The government’s been worried about construction costs in New Zealand. The Productivity Commission suggested that our bespoke housing markets, caused largely by zoning regulations that restrict larger-scale new developments, help to inflate costs. But building materials also remain strangely expensive.
The government, which traditionally accounts for about 27 percent of the construction market, wants to expand the procurement programme to cover building materials as its spending ramps up.
“Since 2007, there has been an upward price trend on a variety of building materials despite reduced demand associated with the global financial crisis,” the ministry said. “Our current forecasts indicate that increases in prices arising from renewed international demand, exchange rate movement, a reduction in raw material availability and rising transport costs will maintain or increase this trend.
“Given both the scale and potential increases in agency spend, government is keen to ensure that it takes a more collaborative, coordinated and strategic approach as to how it procures and pays for building materials,” the ministry said.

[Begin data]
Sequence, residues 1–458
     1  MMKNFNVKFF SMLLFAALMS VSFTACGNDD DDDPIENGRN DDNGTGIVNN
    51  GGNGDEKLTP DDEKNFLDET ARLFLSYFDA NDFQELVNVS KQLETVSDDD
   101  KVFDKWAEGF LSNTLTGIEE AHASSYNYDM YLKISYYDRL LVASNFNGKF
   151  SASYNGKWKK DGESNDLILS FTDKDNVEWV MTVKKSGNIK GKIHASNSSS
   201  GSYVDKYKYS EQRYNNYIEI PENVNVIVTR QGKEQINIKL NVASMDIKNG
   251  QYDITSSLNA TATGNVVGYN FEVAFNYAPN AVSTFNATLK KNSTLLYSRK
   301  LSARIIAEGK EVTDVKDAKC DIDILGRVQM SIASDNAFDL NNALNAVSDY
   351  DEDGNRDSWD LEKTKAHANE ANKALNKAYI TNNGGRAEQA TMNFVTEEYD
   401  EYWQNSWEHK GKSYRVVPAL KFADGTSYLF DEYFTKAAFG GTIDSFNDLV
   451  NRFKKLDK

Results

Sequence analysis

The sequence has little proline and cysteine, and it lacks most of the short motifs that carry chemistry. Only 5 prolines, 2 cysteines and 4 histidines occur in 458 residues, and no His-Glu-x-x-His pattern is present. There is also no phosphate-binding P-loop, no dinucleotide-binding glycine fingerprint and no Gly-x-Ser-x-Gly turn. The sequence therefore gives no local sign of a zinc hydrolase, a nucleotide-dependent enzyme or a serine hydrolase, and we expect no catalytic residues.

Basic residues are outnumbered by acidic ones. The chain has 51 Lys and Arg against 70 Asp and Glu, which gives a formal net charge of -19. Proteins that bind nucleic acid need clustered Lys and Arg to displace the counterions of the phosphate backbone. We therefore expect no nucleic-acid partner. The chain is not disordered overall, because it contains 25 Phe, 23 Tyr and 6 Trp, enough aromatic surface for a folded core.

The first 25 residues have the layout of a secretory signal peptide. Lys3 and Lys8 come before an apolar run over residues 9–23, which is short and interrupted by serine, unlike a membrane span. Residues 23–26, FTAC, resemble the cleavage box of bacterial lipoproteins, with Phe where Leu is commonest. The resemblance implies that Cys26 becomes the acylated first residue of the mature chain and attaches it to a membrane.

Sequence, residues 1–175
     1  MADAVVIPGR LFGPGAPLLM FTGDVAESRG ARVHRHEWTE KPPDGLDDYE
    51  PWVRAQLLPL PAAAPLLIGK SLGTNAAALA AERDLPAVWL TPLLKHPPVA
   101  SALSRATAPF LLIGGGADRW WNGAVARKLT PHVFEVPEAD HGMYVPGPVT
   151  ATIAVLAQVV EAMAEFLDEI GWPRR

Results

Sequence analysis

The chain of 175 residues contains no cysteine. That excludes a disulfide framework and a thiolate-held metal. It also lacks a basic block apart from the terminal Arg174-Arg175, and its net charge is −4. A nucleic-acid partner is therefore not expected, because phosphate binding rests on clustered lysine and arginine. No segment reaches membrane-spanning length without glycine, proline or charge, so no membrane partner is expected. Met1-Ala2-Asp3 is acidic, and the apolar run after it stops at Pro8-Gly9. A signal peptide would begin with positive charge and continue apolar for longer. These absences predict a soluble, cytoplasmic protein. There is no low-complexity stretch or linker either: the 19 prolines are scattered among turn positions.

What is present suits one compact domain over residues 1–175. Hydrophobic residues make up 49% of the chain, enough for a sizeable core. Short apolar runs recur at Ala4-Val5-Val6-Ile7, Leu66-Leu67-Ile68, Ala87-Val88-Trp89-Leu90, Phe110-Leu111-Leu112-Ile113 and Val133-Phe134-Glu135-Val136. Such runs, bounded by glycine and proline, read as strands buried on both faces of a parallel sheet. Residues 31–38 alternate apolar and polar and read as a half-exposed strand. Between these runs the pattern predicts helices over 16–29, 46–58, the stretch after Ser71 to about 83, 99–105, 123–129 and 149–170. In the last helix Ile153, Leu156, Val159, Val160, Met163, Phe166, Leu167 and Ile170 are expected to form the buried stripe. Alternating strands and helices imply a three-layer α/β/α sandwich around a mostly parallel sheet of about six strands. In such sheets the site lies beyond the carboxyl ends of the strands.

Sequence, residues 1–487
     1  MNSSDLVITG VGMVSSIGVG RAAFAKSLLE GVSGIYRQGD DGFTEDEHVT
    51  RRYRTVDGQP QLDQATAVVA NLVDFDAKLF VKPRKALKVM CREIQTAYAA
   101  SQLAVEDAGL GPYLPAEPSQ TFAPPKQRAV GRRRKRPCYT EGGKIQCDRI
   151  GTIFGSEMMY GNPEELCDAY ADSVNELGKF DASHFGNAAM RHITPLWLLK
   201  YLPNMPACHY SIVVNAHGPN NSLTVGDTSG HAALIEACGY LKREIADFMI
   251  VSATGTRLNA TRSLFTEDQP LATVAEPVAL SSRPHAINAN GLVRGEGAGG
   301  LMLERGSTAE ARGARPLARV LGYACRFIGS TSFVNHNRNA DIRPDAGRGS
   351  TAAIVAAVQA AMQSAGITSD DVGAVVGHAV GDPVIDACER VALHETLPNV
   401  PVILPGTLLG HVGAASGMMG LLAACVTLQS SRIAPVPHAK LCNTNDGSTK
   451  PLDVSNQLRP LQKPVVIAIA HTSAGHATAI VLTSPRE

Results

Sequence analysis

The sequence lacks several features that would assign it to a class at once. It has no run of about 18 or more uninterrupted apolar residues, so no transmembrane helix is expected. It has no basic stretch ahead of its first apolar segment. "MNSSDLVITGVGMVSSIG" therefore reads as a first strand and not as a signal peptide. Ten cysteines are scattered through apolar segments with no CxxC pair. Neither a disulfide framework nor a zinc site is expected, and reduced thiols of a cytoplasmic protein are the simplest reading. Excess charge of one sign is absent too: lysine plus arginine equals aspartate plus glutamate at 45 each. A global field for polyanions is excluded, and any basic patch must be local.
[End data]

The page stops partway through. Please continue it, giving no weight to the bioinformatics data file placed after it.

Donal Curtin pointed to some less-than-helpful government action that helps increase construction costs. New Zealand initiated anti-dumping action against Chinese wire nails, Malaysian galvanised wire, and Thai plasterboard, among other things. And so we have a specific tariff helping to keep prices up for plasterboard. While we’re trying to rebuild after an earthquake.
So one part of central government is all mad about excessive construction costs. Another part of central government penalises foreigners for selling us construction materials cheaply. Meanwhile, local government does its best to restrict the supply of land to keep property values up.